Paradoxes of Personality: Transnational Corporations, Non-Governmental Organizations and Human Rights in International Law
Washington and Lee University - School of Law
PROGRESS IN INTERNATIONAL LAW, p. 381, Russell Miller and Rebecca Bratspies eds., Martinus Nijhoff, June 2008
Washington & Lee Legal Studies Paper No. 2012-2
“A subject of the law,” according to Brownlie, “is an entity capable of possessing international rights and duties and having the capacity to maintain its rights by bringing international claims. This definition, though conventional, is unfortunately circular since the indicia referred to depend on the existence of a legal person.” This looping definition has almost exclusively referred to states. Using the state-template for personality, the International Court of Justice (ICJ) recognized that some international organizations also may be subjects of international law. The state-centric model no longer matches our international reality. The state’s emboldened rivals include “the apparent authority exercised by global market forces, by private market institutions engaged in setting of international standards, by human rights and environmental non-governmental organizations, by transnational religious movements, and even by mafias and mercenary armies in some instances.
While international law has been slow to adapt to the emerging multiplicity of actors in an increasingly privatized global order, this hesitance has been neither uniform nor unyielding. Particularly in the field of human rights, international law has begun to flirt with, if not fully embrace, discrete non-state actors as subjects or quasi-subjects of international law. Paradoxically, a parallel development in the field has been to seek to bring international human rights norms to bear on the actions of TNCs as objects of international human rights law, while denying them the status of independent subjects or quasi-subjects enjoyed in some degree by NGOs.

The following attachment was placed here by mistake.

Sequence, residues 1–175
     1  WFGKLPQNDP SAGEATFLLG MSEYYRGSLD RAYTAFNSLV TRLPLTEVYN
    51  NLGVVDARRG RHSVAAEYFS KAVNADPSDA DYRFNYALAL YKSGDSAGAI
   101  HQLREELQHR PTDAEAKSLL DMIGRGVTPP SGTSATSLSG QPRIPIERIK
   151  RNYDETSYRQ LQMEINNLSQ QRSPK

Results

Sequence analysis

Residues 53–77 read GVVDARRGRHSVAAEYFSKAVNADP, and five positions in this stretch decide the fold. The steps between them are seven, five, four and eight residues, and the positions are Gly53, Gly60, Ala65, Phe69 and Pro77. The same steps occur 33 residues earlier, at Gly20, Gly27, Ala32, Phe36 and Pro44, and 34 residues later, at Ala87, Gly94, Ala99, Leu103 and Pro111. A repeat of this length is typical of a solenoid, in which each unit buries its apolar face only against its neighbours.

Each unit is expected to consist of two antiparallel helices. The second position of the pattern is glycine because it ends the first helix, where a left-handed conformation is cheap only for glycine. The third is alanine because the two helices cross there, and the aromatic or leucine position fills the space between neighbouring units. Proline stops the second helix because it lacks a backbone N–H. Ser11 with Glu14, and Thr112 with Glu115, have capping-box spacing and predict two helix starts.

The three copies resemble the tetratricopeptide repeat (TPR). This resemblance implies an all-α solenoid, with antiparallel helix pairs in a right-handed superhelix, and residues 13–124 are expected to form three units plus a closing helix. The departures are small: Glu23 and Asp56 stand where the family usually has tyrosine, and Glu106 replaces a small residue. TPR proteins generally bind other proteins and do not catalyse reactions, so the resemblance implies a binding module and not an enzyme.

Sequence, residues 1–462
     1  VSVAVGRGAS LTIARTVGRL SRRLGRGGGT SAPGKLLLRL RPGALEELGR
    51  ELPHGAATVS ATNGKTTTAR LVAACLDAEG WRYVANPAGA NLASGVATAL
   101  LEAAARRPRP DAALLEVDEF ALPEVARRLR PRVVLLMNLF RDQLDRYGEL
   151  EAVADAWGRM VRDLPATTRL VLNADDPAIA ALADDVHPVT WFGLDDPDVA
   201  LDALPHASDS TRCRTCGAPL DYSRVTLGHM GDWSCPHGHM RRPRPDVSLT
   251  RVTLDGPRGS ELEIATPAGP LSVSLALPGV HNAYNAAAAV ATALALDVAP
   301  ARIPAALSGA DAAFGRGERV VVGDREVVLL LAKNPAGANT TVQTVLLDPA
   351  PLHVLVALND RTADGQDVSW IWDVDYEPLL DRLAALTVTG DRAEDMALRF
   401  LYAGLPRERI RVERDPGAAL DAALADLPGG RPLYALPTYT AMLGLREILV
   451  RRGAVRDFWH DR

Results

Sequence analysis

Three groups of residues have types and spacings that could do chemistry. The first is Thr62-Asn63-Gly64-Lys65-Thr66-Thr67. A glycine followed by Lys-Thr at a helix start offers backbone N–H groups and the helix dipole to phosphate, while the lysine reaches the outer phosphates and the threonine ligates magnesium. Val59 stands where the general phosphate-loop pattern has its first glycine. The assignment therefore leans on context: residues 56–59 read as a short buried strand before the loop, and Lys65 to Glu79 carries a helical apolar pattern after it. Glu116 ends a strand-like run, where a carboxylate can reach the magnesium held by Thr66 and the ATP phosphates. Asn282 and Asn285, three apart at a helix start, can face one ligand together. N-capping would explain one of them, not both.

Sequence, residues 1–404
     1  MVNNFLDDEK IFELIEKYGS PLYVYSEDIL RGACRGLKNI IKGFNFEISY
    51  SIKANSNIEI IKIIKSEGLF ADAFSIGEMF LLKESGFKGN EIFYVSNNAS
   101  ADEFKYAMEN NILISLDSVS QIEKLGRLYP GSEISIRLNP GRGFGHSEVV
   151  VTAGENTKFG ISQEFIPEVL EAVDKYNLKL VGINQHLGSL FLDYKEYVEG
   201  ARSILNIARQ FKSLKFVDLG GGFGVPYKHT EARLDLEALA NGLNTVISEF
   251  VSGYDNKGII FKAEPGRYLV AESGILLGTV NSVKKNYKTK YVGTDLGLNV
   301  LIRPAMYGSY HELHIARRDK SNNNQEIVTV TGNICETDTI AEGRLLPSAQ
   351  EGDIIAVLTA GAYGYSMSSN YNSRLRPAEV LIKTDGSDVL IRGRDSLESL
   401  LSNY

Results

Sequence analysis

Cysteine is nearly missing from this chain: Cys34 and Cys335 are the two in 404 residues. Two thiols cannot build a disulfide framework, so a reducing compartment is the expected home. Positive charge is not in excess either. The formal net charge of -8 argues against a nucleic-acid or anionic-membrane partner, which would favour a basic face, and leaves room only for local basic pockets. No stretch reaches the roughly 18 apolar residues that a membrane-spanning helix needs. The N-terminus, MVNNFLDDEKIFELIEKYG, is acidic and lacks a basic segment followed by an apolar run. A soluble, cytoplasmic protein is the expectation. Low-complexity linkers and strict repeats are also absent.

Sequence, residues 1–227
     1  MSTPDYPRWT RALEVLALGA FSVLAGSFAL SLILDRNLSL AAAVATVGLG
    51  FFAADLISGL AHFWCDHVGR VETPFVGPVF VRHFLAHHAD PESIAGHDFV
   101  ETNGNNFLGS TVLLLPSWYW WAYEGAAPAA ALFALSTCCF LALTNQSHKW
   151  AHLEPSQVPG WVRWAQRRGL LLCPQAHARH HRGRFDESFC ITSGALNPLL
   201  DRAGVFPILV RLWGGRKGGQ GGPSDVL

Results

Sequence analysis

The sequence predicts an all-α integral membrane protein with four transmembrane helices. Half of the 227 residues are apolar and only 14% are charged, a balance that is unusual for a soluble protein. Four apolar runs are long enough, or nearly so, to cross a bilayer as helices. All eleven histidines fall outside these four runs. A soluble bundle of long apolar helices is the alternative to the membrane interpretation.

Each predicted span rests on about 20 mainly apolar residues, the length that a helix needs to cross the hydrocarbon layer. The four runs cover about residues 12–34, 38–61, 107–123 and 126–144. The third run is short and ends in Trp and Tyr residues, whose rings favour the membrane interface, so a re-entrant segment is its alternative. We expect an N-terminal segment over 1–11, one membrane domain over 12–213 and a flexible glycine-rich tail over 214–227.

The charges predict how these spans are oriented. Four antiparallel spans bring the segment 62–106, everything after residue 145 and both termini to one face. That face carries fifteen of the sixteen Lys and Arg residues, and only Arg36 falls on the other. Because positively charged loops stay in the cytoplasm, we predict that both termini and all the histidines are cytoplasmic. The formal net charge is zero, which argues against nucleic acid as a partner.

The Norms are the most recent manifestation of a decades-long effort by states, international organizations and NGOs to regulate the power of TNCs. This effort grows from a concern that TNCs wield vast power, and often do so in a fashion that violates international human rights standards. Where the involvement of NGOs in the formation of the Norms was substantial but informal, the Norms formation integrated NGOs in the process of enforcement.
International humanitarians typically justify their preference of NGOs over TNCs, and consequently the different status these non-state actors are accorded in international law, by arguing that TNCs are capable of violating human rights and, at the same time, unaccountable for the exercise of their power. If TNCs are as powerful as is feared by international humanitarians, then the continued efficacy and relevance of international law depends on the exposure and correction of the paradox I have identified. Habermas’s discursive democracy typically characterizes the conditions for just relations between individuals; leading the creation of governing institutions and the norms those institutions apply. But, with some adaption that embraces the social identity theory, it may be possible to extend Habermas’s theory of discursive to interactions between collectives like TNCs, NGOs and states.
Number of Pages in PDF File: 27
Keywords: International law, comparative law, transnational law
JEL Classification: K10, K33
Date posted: February 2, 2012
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